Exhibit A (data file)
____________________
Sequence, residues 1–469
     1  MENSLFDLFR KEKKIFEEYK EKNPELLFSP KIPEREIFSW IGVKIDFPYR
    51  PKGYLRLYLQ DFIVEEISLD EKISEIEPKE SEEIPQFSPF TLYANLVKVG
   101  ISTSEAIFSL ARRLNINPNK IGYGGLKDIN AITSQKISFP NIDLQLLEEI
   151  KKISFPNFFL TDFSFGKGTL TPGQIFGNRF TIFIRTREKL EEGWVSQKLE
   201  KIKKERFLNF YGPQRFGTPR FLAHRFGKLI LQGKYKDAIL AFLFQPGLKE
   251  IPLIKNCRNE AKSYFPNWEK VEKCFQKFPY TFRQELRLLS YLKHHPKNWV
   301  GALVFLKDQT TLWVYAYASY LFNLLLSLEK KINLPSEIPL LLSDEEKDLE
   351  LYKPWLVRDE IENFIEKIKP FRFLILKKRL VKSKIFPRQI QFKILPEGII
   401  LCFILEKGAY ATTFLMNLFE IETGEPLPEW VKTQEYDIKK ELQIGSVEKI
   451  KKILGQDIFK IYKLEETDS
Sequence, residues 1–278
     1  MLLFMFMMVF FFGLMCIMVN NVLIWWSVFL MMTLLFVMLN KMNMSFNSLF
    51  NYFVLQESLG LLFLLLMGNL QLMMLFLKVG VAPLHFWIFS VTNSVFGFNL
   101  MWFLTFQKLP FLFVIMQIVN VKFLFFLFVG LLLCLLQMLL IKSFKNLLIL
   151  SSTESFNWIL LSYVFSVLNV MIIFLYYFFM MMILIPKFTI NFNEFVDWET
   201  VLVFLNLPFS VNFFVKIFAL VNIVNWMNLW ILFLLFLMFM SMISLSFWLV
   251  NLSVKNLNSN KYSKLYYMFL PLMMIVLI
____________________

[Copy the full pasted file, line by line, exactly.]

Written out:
Sequence, residues 1–469
     1  MENSLFDLFR KEKKIFEEYK EKNPELLFSP KIPEREIFSW IGVKIDFPYR
    51  PKGYLRLYLQ DFIVEEISLD EKISEIEPKE SEEIPQFSPF TLYANLVKVG
   101  ISTSEAIFSL ARRLNINPNK IGYGGLKDIN AITSQKISFP NIDLQLLEEI
   151  KKISFPNFFL TDFSFGKGTL TPGQIFGNRF TIFIRTREKL EEGWVSQKLE
   201  KIKKERFLNF YGPQRFGTPR FLAHRFGKLI LQGKYKDAIL AFLFQPGLKE
   251  IPLIKNCRNE AKSYFPNWEK VEKCFQKFPY TFRQELRLLS YLKHHPKNWV
   301  GALVFLKDQT TLWVYAYASY LFNLLLSLEK KINLPSEIPL LLSDEEKDLE
   351  LYKPWLVRDE IENFIEKIKP FRFLILKKRL VKSKIFPRQI QFKILPEGII
   401  LCFILEKGAY ATTFLMNLFE IETGEPLPEW VKTQEYDIKK ELQIGSVEKI
   451  KKILGQDIFK IYKLEETDS
Sequence, residues 1–278
     1  MLLFMFMMVF FFGLMCIMVN NVLIWWSVFL MMTLLFVMLN KMNMSFNSLF
    51  NYFVLQESLG LLFLLLMGNL QLMMLFLKVG VAPLHFWIFS VTNSVFGFNL
   101  MWFLTFQKLP FLFVIMQIVN VKFLFFLFVG LLLCLLQMLL IKSFKNLLIL
   151  SSTESFNWIL LSYVFSVLNV MIIFLYYFFM MMILIPKFTI NFNEFVDWET
   201  VLVFLNLPFS VNFFVKIFAL VNIVNWMNLW ILFLLFLMFM SMISLSFWLV
   251  NLSVKNLNSN KYSKLYYMFL PLMMIVLI